What is a robonaut? Can it replace astronauts in the future?

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Robonaut is a NASA robot, which is designed as a humanoid. The artificial intelligence makes it easier for Robonaut to do the same jobs as a human. Robonaut could help with anything from working on the International Space Station to exploring other worlds. The core idea behind the Robonaut series is to have a humanoid machine work alongside astronauts. Its form factor and dexterity are designed such that Robonaut can use space tools and work in similar environments suited to astronauts.

These new space explorers won’t need space suits or oxygen to survive outside of the spacecraft. Thus they might help in saving both time and human life while increasing the efficiency of the mission. The problem with human space exploration is that the human body is too fragile for the harsh conditions of space. Temperatures in space can swing from 120 C to -100 C. There also isn’t the Earth’s atmosphere to shield us from the sun’s radiation. In order to survive, astronauts must wear bulky space suits. Space suits are not practical for an emergency situation, in situations like the International Space Station (ISS) were struck by an object and needed to be repaired immediately.

Robonaut 1

Robonaut 1 (R1) was the first model. R1B is a portable version of R1. One of these was the Zero-G Leg, which if Robonaut was working on the space station he would climb using the external handrails and then use his zero-g leg to latch onto the station using a WIF socket. Another was the Robotic Mobility Platform, it is a base with two wheels using a Segway PT. And the four-wheeled Centaur 1, which was developed in 2006.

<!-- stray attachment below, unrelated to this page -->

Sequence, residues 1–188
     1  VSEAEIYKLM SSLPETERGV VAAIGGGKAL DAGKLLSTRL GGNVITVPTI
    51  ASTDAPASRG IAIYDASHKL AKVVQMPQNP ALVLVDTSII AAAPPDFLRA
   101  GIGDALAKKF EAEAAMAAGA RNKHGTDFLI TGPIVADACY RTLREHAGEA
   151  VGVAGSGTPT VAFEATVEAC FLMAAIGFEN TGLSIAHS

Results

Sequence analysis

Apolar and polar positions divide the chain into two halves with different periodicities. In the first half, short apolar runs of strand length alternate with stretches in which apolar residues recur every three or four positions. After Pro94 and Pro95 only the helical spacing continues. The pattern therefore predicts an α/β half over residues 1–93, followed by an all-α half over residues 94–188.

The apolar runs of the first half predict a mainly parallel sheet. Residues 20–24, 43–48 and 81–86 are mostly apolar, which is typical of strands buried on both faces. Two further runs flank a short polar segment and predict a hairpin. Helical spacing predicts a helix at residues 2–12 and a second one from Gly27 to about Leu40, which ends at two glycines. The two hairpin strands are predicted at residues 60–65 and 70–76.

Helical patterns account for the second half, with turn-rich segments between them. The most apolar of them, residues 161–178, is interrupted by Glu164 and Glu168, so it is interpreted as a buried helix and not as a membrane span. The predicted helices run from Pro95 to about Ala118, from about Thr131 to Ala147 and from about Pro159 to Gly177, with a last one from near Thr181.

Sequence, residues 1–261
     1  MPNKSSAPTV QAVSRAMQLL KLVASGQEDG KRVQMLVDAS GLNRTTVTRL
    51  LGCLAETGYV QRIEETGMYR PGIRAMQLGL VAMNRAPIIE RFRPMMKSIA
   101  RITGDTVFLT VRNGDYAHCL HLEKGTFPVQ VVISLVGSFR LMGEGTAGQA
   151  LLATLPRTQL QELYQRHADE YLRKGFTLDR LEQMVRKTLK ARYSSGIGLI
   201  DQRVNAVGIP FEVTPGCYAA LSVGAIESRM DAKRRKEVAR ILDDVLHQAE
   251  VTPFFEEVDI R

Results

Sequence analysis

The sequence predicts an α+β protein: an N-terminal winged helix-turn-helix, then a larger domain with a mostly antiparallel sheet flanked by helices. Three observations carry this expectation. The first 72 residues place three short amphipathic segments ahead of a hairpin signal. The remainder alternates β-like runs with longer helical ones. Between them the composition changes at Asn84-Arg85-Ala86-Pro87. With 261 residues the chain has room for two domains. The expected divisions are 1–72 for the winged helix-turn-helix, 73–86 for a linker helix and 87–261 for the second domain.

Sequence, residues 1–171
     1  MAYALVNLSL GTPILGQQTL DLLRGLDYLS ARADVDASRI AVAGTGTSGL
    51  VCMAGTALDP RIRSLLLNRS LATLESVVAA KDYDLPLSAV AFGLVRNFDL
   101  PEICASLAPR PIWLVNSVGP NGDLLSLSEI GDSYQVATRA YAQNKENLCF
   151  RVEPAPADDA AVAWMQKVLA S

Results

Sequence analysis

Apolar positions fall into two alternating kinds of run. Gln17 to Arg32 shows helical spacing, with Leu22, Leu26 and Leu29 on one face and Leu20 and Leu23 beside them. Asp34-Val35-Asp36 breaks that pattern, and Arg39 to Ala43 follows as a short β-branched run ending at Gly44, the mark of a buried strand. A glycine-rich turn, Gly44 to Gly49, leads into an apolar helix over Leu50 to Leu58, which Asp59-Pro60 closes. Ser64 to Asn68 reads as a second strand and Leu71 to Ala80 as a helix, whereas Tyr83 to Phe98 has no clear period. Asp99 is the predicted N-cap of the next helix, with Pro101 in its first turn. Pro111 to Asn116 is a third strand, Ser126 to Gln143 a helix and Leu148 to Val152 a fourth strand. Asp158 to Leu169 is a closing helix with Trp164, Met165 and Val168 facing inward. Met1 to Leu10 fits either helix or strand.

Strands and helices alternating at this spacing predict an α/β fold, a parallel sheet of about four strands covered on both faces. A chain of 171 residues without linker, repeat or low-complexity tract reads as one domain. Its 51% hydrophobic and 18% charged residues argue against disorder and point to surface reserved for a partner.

Robonaut 2

R2 is capable of speeds more than four times faster than R1, is more compact, more dexterous, and includes a deeper and wider range of sensing. It can move its arms up to 2 m/s, has a 40 lbs payload capacity and its hands have a grasping force of roughly 5 lbs. per finger. There are over 350 sensors and38 PowerPC processors in the robot.

Space Station crew members will be able to operate R2, as much as controllers on the ground; both can do so using telepresence. One of the improvements over the previous Robonaut generation is that R2 doesn’t need constant supervision. In anticipation of a future destination in which distance and time delays would make continuous management problematic, R2 was designed to be set to tasks and then carry out them autonomously with periodic status checks.

Upgradations in Robonaut 2

  • Increased force sensing

  • Greater range of motion

  • Higher bandwidth

  • Improved dexterity

  • R2’s integrated mechatronic design results in a more compact and robust distributed control system with a fraction of the wiring of the original Robonaut

  • Modularity is prevalent throughout the hardware and software along with innovative and layered approaches for sensing and control

User Interface

  • The R2 interface uses common elements such as buttons and sliders to provide the user with direct control over the basic functionality of the robot.

  • The interface uses a monitored network link to receive telemetry, events, and status updates from the system and to send commands out to the robot.

  • The on-screen interface is configurable to allow the operator to move displays to an orientation well suited for the current task and it provides the ability to log and graph both incoming and outgoing data.


  • Can aid fellow astronauts in performing various tasks

  • Can be operated in hazardous conditions where humans cannot sustain.

  • Can handle the operations with great precision.

  • Can be used in repairing space stations.

  • Can also be sent to distant planets where the journey would take many years to complete.

Published on 17-Jan-2019 15:37:48